Days after the official easing of sanctions, the economic situation in Sudan has prompted the view that US sanctions are not in fact and have not perhaps been the direct cause of Sudan's economic problems!
The claims come from economists and political commentators that have spoken to MEMO and seem to contradict the long-held view that Sudan would be vastly different if the economic embargo imposed by the US over two decades ago was lifted.
In the few hours after the announcement on 6 October, the dollar fell from 21 Sudanese pounds (SDG) to 15 SDG on the informal foreign currency market to meet the official rate set by Sudan's Central Bank and suddenly there was a new sense of euphoria, a sense of relief that was then followed by a real sense of hope.
If the truth be told, Sudan's expedition in the fight to lift sanctions has been a long, painful and complex journey: from the ending of political and economic ties with Iran to the continued exchange of intelligence with the West in the fight against international terrorism; from the pledges to stay neutral in the South Sudan conflict to putting a stop on the war against rebel groups in Darfur, in South Kordofan and the Blue Nile, and lately; to the promises to end diplomatic and military ties with North Korea. Arguably, the stage had been set for a long-waited transformation and kick start to Sudan's ailing economy.
Nonetheless, if we are sticking to the truth, the impact of Sudan's relationship from 2002 to 2012 with the French commercial bank BNP Paribas to some extent minimised the effect of the sanctions when throughout that period, BNP covertly acted as the de facto "Central Bank of Sudan" and oil exports resulted in an average GDP growth of between 5-7 per cent per year during the whole of the early 2000s. In practical terms the sanctions may have only really been in full effect for the last three to four years after the breakaway of South Sudan and the interception of BNP who later had to pay a $8.9billion penalty for it's "illegal" propping up of Sudan's economy.
In the light of those two truths and after the US finally removed, some but not all the economic barriers, the reality of the task in front of its National Reconciliation Government has begun to sink in and the expert view is that the lifting of sanctions alone will not bring a sea change to the economic situation in the country.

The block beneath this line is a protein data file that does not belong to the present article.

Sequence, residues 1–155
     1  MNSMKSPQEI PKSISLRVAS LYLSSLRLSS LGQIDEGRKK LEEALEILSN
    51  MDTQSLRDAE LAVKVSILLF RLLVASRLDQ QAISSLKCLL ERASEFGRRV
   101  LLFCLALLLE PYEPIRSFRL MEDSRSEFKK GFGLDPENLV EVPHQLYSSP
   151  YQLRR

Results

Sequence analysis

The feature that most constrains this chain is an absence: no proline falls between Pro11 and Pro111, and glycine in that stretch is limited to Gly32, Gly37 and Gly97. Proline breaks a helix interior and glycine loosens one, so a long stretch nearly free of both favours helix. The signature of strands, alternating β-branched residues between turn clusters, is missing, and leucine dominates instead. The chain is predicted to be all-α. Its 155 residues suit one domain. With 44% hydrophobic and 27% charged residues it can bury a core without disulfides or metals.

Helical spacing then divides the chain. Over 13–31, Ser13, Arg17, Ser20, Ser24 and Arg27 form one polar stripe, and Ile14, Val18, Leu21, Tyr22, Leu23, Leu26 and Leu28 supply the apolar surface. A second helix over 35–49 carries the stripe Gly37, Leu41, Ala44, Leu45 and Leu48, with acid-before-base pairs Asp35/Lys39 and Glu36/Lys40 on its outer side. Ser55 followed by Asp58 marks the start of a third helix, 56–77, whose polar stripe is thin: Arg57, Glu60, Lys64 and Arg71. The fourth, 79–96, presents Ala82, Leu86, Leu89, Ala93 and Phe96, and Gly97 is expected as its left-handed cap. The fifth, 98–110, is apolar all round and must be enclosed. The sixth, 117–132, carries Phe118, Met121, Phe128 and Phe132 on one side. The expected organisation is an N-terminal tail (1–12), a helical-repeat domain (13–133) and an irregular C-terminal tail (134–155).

Not least because Sudan has virtually no foreign reserves but has a high demand for foreign currency, has a manufacturing industry that remains less than 20 per cent of GDP and in most cases, produces goods below international standards, has lost 75 per cent of its petroleum revenue stream and desperately lacks investment in agricultural and mineral mining production. Worse still, Sudan is still subject to sanctions as its name remains on the list of state sponsors of terror and is therefore not entitled to any form of debt relief which currently stands at $60 billion or 70 per cent of GDP.
Observers of Sudan's economic performance are quick to seize on missed opportunities to diversify the economy and make economic reforms during the oil rich years; forgetting perhaps that costly wars and internal conflicts has sapped the nation's wealth since the 1989 ascension of the current government to power. Nevertheless, some analysts say Sudan's centralised wealth distribution, antiquated administrative systems and its mismanagement of public funds remains a key factor in producing an economic turnaround.
In the past few days, the dollar has returned to its pre-sanctions high of SDG 22, banks are reporting difficulties in getting foreign currency in the country, leading economists are forecasting doom and gloom and opposition politicians are blaming the economic crisis on internal restrictions rather than external constraints.
Editor-in-Chief of the economic weekly newspaper Elaff, Dr Khalid El-Tigani, identified one of those problems when he told MEMO: "We are not going to see any real changes. US sanctions is not the problem. Until Sudan changes the complex bureaucratic administration that facilitates mismanagement there will be no real change."
Coupled with the "brain drain" and the ailing education system, Professor Hamid Ali, economist and head of the Department of Public Policy and Administration at the American University in Cairo, also told MEMO: "The permanent lifting of the trade embargo on Sudan as declared by Washington has mostly a 'feel good' psychological effect for various business sectors, but whilst the lifting of the sanctions opens doors for free trade and investment, Sudan has little to sell, so there will be no tangible change in the economy for some time to come."
In addition, Ali said 50 per cent of the most productive areas of Sudan are in conflict zones.
"Around one-third of the country's export comes from Darfur, the Blue Nile and the Nuba mountain areas represent another ten per cent each. Without the resolution of these conflicts or with hard currency from oil or gas exports, progress will be slow and investors will be reluctant to pour money into Sudan in the short term," he explained.
Added to the economic woes, within Sudan there's an understanding that political stability and the lifting of the outstanding sanctions are part of the equation that will prove attractive to long-term investors. It may be early days, but there's a consensus that the balance of power that currently unites most opposition groups following the national dialogue process must remain and continue to bear fruit, at least until the next general election in 2020 and a new constitution is agreed, otherwise internal divisions could further undermine Sudan's chances of prosperity and of an economic recovery.
The views expressed in this article belong to the author and do not necessarily reflect the editorial policy of Middle East Monitor.